The Simplex Method, the most popular method for solving Linear Programs
(LPs), has two major variants. They are the revised method and the standard, or
tableau method. Today, virtually all serious implementations are of the revised method because it is more efficient for sparse LPs which are the most common.
However, the full tableau method has advantages as well. First, the full tableau can be very effective for dense problems. Second, a full tableau method can
easily and effectively be extended to a coarse grained distributed algorithm. While dense problems are uncommon in general, they occur frequently in some important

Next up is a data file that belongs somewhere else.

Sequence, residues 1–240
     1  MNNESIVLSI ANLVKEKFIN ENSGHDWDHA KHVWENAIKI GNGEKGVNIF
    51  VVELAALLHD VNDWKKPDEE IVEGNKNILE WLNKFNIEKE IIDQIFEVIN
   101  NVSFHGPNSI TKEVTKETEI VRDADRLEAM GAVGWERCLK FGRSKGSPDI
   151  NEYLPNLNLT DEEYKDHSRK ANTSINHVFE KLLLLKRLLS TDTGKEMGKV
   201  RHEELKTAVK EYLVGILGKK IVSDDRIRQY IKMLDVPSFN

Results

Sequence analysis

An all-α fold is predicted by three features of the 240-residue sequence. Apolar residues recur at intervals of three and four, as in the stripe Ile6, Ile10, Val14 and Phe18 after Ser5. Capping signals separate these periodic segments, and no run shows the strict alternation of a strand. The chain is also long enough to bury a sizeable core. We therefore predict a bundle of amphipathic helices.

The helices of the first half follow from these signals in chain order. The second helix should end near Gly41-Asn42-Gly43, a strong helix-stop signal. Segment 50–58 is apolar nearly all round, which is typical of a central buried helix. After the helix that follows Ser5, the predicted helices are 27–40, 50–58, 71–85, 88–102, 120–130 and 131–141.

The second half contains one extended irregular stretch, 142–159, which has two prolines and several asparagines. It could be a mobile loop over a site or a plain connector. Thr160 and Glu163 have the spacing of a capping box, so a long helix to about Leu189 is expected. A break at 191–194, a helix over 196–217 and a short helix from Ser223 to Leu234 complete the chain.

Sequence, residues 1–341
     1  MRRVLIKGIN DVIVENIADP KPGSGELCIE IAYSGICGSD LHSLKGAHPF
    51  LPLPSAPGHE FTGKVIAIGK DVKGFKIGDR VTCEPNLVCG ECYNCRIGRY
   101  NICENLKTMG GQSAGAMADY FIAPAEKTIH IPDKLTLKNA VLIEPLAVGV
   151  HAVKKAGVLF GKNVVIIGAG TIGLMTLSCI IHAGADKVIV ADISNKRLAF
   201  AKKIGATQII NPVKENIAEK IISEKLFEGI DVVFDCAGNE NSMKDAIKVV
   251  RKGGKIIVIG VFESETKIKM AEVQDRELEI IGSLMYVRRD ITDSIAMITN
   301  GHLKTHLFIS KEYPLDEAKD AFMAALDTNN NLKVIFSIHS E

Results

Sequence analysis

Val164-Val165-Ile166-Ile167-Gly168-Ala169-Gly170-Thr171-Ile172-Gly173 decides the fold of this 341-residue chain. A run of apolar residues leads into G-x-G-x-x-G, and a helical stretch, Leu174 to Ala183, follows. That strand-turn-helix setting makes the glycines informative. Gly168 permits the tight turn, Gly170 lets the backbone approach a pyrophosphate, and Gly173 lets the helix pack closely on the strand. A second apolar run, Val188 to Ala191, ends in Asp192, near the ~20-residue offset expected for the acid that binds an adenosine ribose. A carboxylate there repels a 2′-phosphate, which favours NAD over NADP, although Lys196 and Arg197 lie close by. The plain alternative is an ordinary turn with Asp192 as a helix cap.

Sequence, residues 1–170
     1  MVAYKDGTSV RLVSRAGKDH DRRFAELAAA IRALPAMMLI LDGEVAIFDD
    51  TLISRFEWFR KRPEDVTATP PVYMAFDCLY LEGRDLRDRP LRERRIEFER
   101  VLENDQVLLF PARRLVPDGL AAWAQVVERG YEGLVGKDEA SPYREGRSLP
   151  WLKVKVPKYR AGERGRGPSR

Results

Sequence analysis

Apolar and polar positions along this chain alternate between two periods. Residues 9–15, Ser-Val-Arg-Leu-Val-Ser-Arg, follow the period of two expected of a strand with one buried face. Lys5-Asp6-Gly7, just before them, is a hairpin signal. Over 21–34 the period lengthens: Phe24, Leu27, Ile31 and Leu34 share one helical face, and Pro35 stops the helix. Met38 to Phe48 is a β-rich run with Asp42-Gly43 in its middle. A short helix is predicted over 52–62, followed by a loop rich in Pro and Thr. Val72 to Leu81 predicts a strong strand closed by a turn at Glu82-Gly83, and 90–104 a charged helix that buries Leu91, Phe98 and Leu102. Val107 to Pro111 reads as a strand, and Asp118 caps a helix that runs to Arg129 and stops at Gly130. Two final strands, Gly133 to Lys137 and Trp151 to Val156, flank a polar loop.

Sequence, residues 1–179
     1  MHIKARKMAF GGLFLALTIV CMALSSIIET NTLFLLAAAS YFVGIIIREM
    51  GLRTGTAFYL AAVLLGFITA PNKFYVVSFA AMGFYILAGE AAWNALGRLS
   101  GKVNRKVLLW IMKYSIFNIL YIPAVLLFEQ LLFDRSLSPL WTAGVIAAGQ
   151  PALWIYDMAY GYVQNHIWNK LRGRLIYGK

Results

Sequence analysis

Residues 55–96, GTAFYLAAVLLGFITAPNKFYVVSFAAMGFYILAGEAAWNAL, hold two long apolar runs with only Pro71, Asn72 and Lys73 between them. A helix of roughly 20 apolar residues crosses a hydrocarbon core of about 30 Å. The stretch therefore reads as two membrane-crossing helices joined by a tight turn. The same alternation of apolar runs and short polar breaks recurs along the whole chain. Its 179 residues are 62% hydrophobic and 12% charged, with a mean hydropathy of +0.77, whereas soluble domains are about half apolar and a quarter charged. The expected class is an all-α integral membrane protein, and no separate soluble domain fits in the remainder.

applications such as digital filter design, text categorization, image processing and relaxations of scheduling problems. We implement two full tableau algorithms. The first, a serial implementation, is effective for small to moderately sized dense problems. The second, a simple extension of the first, is a distributed algorithm, which is effective for large problems of all densities. We developed performance models that predict running times per iteration for the serial version of our method, the parallel version of our method and the revised method for problems of different sizes, aspect ratios and densities. We also developed methods for choosing the number of processors to optimize the tradeoff between computation and communication in distributed computations. We tested our algorithms on practical (Netlib) and synthetic problems.